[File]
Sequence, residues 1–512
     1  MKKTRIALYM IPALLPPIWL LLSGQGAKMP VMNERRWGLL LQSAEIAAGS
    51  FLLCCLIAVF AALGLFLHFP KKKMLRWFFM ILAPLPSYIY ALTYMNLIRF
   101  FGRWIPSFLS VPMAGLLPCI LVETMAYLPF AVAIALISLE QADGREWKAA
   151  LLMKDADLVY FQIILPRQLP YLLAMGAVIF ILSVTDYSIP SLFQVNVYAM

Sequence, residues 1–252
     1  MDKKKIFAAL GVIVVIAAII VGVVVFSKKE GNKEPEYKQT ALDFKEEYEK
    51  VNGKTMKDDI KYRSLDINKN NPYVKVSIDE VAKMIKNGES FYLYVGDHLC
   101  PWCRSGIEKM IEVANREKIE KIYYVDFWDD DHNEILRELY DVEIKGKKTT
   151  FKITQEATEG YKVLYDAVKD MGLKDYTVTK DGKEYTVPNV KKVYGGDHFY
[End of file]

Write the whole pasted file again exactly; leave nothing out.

Sequence, residues 1–512
     1  MKKTRIALYM IPALLPPIWL LLSGQGAKMP VMNERRWGLL LQSAEIAAGS
    51  FLLCCLIAVF AALGLFLHFP KKKMLRWFFM ILAPLPSYIY ALTYMNLIRF
   101  FGRWIPSFLS VPMAGLLPCI LVETMAYLPF AVAIALISLE QADGREWKAA
   151  LLMKDADLVY FQIILPRQLP YLLAMGAVIF ILSVTDYSIP SLFQVNVYAM

Sequence, residues 1–252
     1  MDKKKIFAAL GVIVVIAAII VGVVVFSKKE GNKEPEYKQT ALDFKEEYEK
    51  VNGKTMKDDI KYRSLDINKN NPYVKVSIDE VAKMIKNGES FYLYVGDHLC
   101  PWCRSGIEKM IEVANREKIE KIYYVDFWDD DHNEILRELY DVEIKGKKTT
   151  FKITQEATEG YKVLYDAVKD MGLKDYTVTK DGKEYTVPNV KKVYGGDHFY